Is lockdown killing creativity?

Day 82 of some kind of lockdown. For many, the initial enthusiasm for a new routine of morning bread-making, online yoga and a 5pm Quarantini to accompany the last Zoom of the day is beginning to sink along with the sourdough. ‘Lockdown fatigue’ is a thing and even though many of us are physically moving around very little (32 steps over one day was a low point) we are in a permanent state of exhaustion.

At the start of lockdown I felt a surge of creative energy. The sudden forced overhaul of my daily routine coupled with the tight restrictions in the types of creative work we could now deliver (cue Ross from Friends yelling ‘PIVOT’) gave me a new perspective, new parameters to work within and the fear powered adrenaline a global pandemic brings.

Many inspiring cultural resources went online, the sun was shining and the daily roar of traffic was replaced with the morning song of birds. My new desk; looking out over the garden was a perfect spot for daydreaming – a habit that might seem (and look) mindless but one that is scientifically proven to stimulate imagination and creativity.

But three months in, what is the impact on our creative state of mind?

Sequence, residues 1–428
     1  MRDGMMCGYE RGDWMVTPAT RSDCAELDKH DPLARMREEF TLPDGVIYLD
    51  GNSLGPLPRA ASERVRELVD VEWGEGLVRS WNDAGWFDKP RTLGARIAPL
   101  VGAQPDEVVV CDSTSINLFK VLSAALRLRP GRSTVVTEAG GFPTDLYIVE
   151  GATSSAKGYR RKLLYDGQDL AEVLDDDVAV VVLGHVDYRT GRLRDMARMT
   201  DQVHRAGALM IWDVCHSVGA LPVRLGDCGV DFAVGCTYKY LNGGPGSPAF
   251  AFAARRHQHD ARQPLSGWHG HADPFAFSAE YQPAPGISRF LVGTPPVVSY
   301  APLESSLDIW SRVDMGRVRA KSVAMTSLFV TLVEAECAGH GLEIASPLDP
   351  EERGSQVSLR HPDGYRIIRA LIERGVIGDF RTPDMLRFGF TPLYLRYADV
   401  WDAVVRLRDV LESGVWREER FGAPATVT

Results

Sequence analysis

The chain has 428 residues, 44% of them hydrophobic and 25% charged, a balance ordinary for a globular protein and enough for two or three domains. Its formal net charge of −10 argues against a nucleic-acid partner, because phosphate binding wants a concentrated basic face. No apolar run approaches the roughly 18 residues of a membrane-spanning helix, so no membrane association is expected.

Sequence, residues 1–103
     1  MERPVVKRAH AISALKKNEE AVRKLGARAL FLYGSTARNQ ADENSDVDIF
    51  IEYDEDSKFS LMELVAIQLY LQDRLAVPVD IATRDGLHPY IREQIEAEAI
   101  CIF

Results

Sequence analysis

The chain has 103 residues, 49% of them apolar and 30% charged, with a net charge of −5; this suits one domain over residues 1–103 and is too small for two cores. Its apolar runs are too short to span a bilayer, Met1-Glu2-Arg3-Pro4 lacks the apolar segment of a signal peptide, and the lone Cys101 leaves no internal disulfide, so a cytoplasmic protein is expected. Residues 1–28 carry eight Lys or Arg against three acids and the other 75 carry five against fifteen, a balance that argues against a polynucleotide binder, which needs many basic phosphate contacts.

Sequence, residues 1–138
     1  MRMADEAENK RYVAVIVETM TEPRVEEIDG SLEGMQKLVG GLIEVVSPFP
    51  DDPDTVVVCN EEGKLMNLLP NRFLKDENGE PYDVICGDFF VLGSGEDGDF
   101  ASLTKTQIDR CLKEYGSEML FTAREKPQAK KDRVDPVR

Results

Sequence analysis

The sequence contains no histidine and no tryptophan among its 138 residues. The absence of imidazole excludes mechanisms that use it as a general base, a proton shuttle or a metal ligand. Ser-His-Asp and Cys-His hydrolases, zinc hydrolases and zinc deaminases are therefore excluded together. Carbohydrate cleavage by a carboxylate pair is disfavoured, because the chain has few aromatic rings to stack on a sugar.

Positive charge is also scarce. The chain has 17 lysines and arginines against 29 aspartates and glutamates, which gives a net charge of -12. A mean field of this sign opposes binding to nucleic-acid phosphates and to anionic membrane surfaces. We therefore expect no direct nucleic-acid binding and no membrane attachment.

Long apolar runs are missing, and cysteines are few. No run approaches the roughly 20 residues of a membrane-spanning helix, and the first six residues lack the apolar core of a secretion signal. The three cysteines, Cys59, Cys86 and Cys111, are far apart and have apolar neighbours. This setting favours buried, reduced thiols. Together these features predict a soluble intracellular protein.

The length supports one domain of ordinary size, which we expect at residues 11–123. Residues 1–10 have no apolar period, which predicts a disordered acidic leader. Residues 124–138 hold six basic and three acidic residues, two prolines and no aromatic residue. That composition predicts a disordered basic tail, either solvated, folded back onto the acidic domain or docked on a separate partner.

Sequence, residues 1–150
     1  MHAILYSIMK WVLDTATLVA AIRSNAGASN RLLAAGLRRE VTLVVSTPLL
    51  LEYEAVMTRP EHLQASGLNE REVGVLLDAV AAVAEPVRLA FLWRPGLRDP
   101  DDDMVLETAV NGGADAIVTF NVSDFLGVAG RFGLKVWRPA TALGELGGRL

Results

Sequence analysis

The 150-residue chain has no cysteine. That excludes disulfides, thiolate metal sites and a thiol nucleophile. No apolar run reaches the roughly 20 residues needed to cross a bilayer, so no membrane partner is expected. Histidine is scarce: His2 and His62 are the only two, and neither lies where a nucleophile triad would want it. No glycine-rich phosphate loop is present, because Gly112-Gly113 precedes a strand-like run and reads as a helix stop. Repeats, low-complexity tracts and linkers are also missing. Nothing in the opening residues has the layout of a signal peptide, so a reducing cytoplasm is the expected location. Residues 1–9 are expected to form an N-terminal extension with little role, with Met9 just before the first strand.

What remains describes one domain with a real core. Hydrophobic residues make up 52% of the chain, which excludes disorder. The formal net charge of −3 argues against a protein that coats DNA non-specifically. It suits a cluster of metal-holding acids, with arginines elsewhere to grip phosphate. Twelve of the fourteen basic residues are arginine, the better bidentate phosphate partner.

Creativity works in mysterious ways. For some people creativity is a stable characteristic that remains the same regardless of what is going on around them. For others it’s in a constant state of flux which shifts depending on situation and context. The lockdown has helped give us insight into how – as individuals – we are creative. I previously believed that I needed people around me to help stimulate my creativity. But, whilst I really miss my colleagues and the camaraderie of working in a team in the physical sense, I have realized during lockdown that I do some of my best creative thinking on my own.

Contrary to the stereotype of creatives as chaotic, many of the greatest writers, artists and musicians had very strict daily rituals and habits. Franz Kafka breakfasted on croissants and opium, Frank Lloyd Wright made a practice of waking up at 3 or 4 a.m. and working for several hours before heading back to bed and Agatha Christie wrote on any surface.

These habits might be too eccentric for the traditional office set up, but as we move into the new normal we have an opportunity to shake things up. An opportunity to reflect on which habits have helped creativity thrive on an individual level and a responsibility to enable them to continue.

They say that great creativity comes out of crises. So, do I think that lockdown has killed creativity? No. I think it has forced us to become more attuned to our own internal creative direction and flow.

The pivoting isn’t over yet.


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